Unlike traditional combustion technologies that burn fuel, fuel cells undergo a chemical process to convert hydrogen-rich fuel into electricity. Fuel cells do not need to be periodically recharged like batteries, but instead continue to produce electricity as long as a fuel source is provided. A fuel cell is composed of an anode, a cathode, and an electrolyte membrane. A fuel cell works by passing hydrogen through the anode of a fuel cell and oxygen through the cathode. At the anode site, the hydrogen molecules are split into electrons and protons. The protons pass through the electrolyte membrane, while the electrons are forced through a circuit, generating an electric current and excess heat. At the cathode, the protons, electrons, and oxygen combine to produce water molecules. Due to their high efficiency, fuel cells are very clean, with their only by-products being electricity, excess heat, and water. In addition, as fuel cells do not have any moving parts, they operate near-silently. Fuel cells are also scalable. This means that individual fuel cells can be compiled on one another to form stacks, in turn, these stacks can be combined into larger systems. Fuel cell systems vary greatly in size and power, from portable systems for smartphone battery recharging, to combustion engine replacements for electric vehicles, to large-scale, multi-megawatt installations providing electricity directly to the utility grid.

    After years of research at Sandia National Laboratories focused on identifying the optimal use cases for various zero emissions power technologies, one thing became abundantly clear. The single most compelling use case for hydrogen fuel cell technology is within the commercial maritime sector. From the other side of the coin, the best zero emissions technology for commercial maritime operators to maintain operational flexibility, commercial viability and regulatory compliance is hydrogen fuel cell technology. All technology has applications where it is better suited and a set of inherent limitations. While we are passionate champions of hydrogen fuel cell technology, we do not believe it is the right fit for all applications. In such cases, alternatives such as purely electric based systems may be better suited.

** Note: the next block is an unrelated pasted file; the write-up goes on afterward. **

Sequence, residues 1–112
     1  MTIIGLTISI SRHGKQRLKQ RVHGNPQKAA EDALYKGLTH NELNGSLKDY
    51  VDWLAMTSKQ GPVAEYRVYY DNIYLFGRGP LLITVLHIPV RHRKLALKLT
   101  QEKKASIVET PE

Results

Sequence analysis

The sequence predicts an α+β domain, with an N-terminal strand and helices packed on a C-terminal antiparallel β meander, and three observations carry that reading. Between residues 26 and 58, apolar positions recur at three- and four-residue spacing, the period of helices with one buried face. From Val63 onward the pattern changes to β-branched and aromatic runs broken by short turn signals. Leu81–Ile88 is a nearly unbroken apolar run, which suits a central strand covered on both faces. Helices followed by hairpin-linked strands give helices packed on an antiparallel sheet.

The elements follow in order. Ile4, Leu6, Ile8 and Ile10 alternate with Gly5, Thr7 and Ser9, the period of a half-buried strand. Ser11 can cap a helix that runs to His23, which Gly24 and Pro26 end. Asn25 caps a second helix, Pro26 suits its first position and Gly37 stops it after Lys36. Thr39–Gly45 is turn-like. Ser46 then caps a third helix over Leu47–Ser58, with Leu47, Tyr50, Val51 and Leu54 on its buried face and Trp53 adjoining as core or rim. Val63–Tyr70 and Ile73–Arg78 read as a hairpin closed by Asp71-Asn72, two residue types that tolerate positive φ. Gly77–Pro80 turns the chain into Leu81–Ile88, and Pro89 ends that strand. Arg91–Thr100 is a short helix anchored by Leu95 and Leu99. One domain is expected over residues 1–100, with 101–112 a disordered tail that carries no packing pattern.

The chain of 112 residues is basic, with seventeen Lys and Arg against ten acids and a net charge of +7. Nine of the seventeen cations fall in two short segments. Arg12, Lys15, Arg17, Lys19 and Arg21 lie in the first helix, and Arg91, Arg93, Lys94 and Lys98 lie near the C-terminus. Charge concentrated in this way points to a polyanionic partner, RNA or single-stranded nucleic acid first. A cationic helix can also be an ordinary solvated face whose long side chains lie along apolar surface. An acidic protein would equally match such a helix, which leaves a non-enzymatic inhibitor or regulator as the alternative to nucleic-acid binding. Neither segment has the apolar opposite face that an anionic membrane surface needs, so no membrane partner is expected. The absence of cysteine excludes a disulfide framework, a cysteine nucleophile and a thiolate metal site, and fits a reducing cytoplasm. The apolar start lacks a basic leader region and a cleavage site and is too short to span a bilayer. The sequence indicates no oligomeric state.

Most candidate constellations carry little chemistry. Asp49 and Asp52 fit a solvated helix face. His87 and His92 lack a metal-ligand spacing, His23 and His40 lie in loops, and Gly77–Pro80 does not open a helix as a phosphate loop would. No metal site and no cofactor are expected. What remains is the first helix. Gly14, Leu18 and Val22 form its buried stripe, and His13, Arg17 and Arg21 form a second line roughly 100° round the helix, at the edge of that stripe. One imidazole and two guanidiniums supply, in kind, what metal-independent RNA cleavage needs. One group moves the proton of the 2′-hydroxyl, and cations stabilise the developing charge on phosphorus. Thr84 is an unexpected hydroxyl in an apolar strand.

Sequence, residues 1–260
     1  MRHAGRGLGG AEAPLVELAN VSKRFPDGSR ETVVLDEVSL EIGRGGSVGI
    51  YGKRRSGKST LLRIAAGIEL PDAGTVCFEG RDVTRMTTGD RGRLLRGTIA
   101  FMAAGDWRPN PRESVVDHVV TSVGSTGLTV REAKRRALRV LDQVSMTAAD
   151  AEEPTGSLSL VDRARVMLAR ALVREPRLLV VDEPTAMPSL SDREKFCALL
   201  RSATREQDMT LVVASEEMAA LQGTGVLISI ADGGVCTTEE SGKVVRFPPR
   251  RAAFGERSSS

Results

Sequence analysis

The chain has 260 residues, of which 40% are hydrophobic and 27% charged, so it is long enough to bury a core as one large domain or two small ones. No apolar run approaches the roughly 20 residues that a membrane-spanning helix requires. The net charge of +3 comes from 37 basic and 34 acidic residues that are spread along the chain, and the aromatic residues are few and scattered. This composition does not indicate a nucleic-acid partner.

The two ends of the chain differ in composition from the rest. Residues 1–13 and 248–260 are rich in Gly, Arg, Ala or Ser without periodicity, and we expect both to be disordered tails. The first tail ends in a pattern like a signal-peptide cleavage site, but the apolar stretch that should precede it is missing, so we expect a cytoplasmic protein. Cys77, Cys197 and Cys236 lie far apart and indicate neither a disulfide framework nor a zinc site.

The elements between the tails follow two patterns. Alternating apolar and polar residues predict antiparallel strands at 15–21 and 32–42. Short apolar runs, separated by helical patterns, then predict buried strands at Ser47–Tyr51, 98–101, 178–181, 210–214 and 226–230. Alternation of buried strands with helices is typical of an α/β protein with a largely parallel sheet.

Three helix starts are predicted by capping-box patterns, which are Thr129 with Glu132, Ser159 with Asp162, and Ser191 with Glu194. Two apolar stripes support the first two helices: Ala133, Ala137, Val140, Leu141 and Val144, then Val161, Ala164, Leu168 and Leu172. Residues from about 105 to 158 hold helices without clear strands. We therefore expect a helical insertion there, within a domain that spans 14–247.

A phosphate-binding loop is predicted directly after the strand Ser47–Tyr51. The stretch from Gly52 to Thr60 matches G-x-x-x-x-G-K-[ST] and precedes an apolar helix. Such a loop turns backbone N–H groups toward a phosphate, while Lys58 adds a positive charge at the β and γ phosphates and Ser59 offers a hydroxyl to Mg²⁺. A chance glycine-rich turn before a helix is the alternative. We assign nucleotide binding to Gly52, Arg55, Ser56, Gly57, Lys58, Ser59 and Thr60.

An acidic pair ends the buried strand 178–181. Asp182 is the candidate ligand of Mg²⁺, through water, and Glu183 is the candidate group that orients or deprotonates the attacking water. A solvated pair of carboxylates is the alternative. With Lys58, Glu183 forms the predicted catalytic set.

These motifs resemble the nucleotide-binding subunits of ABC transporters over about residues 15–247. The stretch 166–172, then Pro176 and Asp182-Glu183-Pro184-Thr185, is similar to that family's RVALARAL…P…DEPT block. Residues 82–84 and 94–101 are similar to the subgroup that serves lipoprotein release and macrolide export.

Exclusively battery based powertrains are great if you know your exact route time and your vessel will be used for the same purpose throughout its life cycle. Using hydrogen fuel to power your electric drive in conjunction with batteries affords far greater flexibility. With a hydrogen system there's no need to fill out a detailed specification sheet outlining planned route and available electric utility infrastructure.

    Specifications for a hydrogen system are as simple as the Power (hp) and fuel amount (gal of diesel). There are no usage or resale restrictions resulting in a higher resale value of your vessel and the ability to change your route as needed.

    Hydrogen is the simplest element consisting of only one proton and one electron. It is the most plentiful element in the universe and extremely high in energy. Hydrogen as a fuel source is similar to natural gas but does not contain carbon. Hydrogen Fuel Cells directly convert hydrogen to power with zero emissions. Hydrogen has been around for decades as a commodity with a proven track record for handling and safe usage in countless commercial/industrial applications.
    " I just found out my nest egg has salmonella" Photo Gallery

  2. #2
    Interesting. I didn't think that fuel cell technology was really quite up to this level yet.

Tags for this Thread

Posting Permissions

  • You may not post new threads
  • You may not post replies
  • You may not post attachments
  • You may not edit your posts